So, when you hear an animal referred to as a “keystone” species, it should get your attention—especially when that species is listed as threatened by state and federal wildlife agencies. In northwest Florida, one of the species upon which the entire longleaf ecosystem is built is the humble gopher tortoise (Gopherus polyphemus).
Gopher tortoises are long-lived, protected by their thick shells and deep burrows. Photo credit: Carrie Stevenson, UF IFAS Extension
Once hunted for food and currently in competition with humans for buildable land, this long-lived reptile is an architect in its own right. The tortoises are called “gophers” because of their tunnel building and burrow construction expertise. The tortoises spend about 80% of their time near their burrows, of which they have multiple over their lifetimes. Being a cold-blooded reptile, the burrows allow the tortoises a place to live in the temperature-regulated soil.
The average adult gopher tortoise is about 9-11 inches long, although they can be larger. They have thick feet resembling those of an elephant, and scaly front legs used for digging and burrowing. They are tan, brown, or gray, and live in dry, sandy, upland habitats. Their propensity for dry forestland is typically why their populations are in peril, as this is also the best land for building and development.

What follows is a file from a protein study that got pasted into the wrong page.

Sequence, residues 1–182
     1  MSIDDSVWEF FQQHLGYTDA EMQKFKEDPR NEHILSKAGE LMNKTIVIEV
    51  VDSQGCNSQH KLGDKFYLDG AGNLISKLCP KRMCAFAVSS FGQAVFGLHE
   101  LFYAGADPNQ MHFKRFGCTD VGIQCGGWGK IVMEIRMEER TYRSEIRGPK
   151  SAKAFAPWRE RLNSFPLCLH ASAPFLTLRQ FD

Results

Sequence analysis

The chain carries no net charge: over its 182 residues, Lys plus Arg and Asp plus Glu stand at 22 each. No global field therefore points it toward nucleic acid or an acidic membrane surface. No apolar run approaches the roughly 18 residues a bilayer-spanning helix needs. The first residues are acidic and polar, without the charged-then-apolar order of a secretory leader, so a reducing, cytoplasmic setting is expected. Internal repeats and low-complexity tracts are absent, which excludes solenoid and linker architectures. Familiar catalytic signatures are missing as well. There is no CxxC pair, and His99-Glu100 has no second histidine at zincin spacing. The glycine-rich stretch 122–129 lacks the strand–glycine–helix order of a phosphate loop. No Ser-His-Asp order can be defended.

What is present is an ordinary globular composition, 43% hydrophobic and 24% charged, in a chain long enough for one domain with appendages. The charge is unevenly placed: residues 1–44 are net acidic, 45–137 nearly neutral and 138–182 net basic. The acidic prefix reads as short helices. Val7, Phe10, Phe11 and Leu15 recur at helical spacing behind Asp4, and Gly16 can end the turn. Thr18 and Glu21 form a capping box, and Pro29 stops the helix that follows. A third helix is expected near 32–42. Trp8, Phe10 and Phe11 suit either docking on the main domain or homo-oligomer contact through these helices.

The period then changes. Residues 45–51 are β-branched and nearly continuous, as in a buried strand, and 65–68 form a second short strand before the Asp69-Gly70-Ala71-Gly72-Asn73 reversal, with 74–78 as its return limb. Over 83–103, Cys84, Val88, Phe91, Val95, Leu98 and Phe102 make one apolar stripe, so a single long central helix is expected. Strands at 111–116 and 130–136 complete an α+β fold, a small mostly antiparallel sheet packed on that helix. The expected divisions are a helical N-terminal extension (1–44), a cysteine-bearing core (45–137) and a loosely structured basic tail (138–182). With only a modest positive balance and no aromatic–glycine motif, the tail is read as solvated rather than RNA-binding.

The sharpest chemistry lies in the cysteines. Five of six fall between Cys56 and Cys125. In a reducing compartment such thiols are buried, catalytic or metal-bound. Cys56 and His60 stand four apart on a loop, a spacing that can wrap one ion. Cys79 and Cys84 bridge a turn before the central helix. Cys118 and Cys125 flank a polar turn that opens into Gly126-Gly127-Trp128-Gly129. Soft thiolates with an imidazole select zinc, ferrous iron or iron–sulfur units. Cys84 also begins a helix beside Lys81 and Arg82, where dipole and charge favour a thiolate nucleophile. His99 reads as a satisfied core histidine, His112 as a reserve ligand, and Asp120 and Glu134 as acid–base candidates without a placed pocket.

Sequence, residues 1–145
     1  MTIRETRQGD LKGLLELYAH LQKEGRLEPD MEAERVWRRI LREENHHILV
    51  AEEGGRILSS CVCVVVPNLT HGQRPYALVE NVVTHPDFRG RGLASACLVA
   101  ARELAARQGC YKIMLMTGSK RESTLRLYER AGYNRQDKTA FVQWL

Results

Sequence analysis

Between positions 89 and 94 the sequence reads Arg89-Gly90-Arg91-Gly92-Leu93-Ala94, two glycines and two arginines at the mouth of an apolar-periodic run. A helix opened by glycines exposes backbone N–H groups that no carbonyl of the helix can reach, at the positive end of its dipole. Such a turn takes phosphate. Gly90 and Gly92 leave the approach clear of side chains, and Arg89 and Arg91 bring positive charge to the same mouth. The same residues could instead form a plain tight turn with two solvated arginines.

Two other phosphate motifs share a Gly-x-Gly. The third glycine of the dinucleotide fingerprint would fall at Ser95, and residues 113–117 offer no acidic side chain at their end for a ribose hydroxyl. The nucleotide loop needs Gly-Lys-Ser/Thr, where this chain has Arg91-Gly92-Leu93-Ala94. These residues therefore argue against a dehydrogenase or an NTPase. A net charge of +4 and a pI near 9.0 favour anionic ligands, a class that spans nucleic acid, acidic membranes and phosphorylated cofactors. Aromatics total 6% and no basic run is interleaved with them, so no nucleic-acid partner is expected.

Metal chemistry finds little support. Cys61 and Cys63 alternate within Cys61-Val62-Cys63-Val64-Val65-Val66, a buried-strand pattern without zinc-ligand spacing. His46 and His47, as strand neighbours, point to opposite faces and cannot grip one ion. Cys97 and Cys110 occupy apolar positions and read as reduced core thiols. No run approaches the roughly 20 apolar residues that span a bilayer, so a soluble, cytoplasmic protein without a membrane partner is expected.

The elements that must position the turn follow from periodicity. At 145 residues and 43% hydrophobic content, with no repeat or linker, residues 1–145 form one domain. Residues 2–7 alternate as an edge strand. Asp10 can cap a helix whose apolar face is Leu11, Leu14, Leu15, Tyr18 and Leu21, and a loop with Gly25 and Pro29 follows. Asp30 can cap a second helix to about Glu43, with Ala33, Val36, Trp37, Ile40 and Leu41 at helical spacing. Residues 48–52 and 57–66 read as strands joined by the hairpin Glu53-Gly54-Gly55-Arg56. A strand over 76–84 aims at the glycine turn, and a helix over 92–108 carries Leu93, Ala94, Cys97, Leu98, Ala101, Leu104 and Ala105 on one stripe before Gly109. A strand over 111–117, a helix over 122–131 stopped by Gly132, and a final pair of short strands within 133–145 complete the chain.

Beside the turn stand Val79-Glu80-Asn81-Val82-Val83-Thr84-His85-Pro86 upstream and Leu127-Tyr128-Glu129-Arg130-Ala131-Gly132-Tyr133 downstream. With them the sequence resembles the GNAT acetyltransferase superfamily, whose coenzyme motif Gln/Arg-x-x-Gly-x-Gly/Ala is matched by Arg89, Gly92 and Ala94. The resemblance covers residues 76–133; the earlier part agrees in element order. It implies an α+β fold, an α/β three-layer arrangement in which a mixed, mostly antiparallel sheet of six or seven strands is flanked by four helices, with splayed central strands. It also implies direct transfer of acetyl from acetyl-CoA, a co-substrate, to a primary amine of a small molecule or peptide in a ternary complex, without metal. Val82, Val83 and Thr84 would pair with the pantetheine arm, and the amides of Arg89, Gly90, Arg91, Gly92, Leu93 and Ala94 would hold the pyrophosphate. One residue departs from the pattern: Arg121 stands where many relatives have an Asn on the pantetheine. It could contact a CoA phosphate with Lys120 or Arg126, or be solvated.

The average gopher tortoise’s burrow is 6.5 feet deep and 15-40 feet long, and provides habitat for 350 other species! Those commensal species that share its burrow are mostly invertebrates, but at least 50 are larger backboned species like frogs, snakes, rabbits, and burrowing owls. During forest fires, there are stories of multiple species—from deer and snakes and turtles—calling a truce and hiding in the burrows together until the flames blow over.
Gopher tortoises are nesting right now–be sure to observe from a distance!
Right now—from May to July—is nesting season for gopher tortoises. They lay eggs in the soft sand of their burrow apron, which is the triangular spread of loose sand at the opening of the burrow. Eggs incubate all summer and emerge between August and November. The newly hatched tortoises can expect to live 40 to 60 years in the wild. They live on a variety of grasses and low-growing plants native to longleaf pine, oak forests, and coastal dunes, including wiregrass and gopher apple. They are adapted to routine fires, as they are safe in their burrows and the new growth after a burn provides an abundance of their grassy food sources.
White-topped pitcher plants in bloom at Tarkiln State Preserve. Photo credit: Carrie Stevenson, UF IFAS Extension